While the methane cycle is less completely understood than the carbon dioxide cycle, the increase of atmospheric methane also correlates to fossil fuel consumption. Of particular concern (and debate) is the cause of the steeper methane increase since the mid-2000s. Stay tuned while scientists work on that….
For humans, the most essential component of Earth’s habitability is the precarious balance between water’s three primary states: gas (water vapor), ice, and liquid. Since the dawn of time, water’s varied states have engaged in a complex, self-correcting choreography of land, sea, and air inputs—tweak one climate variable here, and another one over there compensates.
Earth’s climate remains relatively stable until the equilibrium is upset by external input like solar energy change, volcanic eruption, or (heaven forbid) a visit from a rogue asteroid. Unfortunately, humans incremented the list of climate catalysts by one with the onset of the Industrial Revolution, and our thirst for fossil fuels.
As we’re learning firsthand in realtime, even the smallest geospheric tweak can initiate a self-reinforcing chain reaction with potentially catastrophic consequences for humanity’s long-term wellbeing. For example, a warmer planet means a warmer ocean and less ice, which means more liquid water and water vapor. Adding carbon dioxide to water vapor kicks off a feedback loop that magnifies atmospheric heat: More carbon dioxide raises the temperature of the air—>warmer air holds more water vapor—>more water vapor warms the air more—>and so on.
But that’s just the beginning. More liquid water swallows coastlines; increased water vapor means more clouds, precipitation, and warmer temperatures (remember, water vapor is a greenhouse gas). Wind patterns and ocean currents shift, changing global weather patterns. Oh yeah, and ice’s extreme albedo (reflectivity) bounces solar energy back to space, so shrinking our icecaps and glaciers means less solar energy returned to space even more solar energy to warm our atmosphere, which only compounds the problems.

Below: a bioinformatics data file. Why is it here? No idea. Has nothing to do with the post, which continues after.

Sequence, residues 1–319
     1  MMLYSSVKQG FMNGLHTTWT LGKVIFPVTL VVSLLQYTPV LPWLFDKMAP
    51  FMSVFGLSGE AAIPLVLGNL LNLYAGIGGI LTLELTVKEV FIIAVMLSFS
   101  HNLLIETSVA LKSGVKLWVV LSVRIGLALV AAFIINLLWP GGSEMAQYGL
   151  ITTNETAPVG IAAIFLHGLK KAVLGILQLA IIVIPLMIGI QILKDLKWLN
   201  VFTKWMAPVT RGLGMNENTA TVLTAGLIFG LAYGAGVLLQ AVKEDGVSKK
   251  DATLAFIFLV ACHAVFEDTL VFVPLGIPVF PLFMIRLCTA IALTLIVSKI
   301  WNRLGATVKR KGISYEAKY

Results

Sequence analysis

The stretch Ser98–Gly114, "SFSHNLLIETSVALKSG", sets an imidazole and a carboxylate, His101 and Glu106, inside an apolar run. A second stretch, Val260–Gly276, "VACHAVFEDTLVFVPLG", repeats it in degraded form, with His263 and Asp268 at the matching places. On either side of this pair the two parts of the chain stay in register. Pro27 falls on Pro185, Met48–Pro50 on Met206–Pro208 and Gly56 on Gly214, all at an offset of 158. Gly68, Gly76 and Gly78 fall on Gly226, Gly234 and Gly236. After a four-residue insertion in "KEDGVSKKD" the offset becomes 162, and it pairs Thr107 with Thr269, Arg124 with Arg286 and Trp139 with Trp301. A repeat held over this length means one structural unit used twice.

Comparing direct measurements of current conditions to data inferred from tree rings, ice and sediment cores, and many other proven methods, makes it clear that human activity has indeed upset the climate balance: our planet is warming. What we’re still working on is how much we’ve upset it (so far), what’s coming, and where the tipping point is (or whether the tipping point is already in our rearview mirror).
We do know that we’re already experiencing the effects of these changes, though it’s impossible to pinpoint a single hurricane, fire, or flood and say this one wouldn’t have happened without climate change. And contrary to the belief of many, everyone will not be warmer. Some places are getting warmer, others are getting cooler; some are wetter, others are drier. The frequency and intensity of storms is changing, growing seasons are changing, animal habitats are shifting or shrinking, and the list goes on….
We won’t fix the problem by simply adjusting the thermostat, building dikes and levees, and raking forests. Until we actually reduce greenhouse gases in our atmosphere, things will get worse faster than we can adjust. But the first step to fixing a problem is acknowledging we have one.
The Camp Fire had been burning for ten days, devouring Paradise and filling the air in Sacramento with brown smoke so thick that at times not only could we not see the sun, we couldn’t see the end of the block. But on this afternoon, when an orange ball of sun burned through the smoke I donned a mask, grabbed my camera bag, and headed for the hills.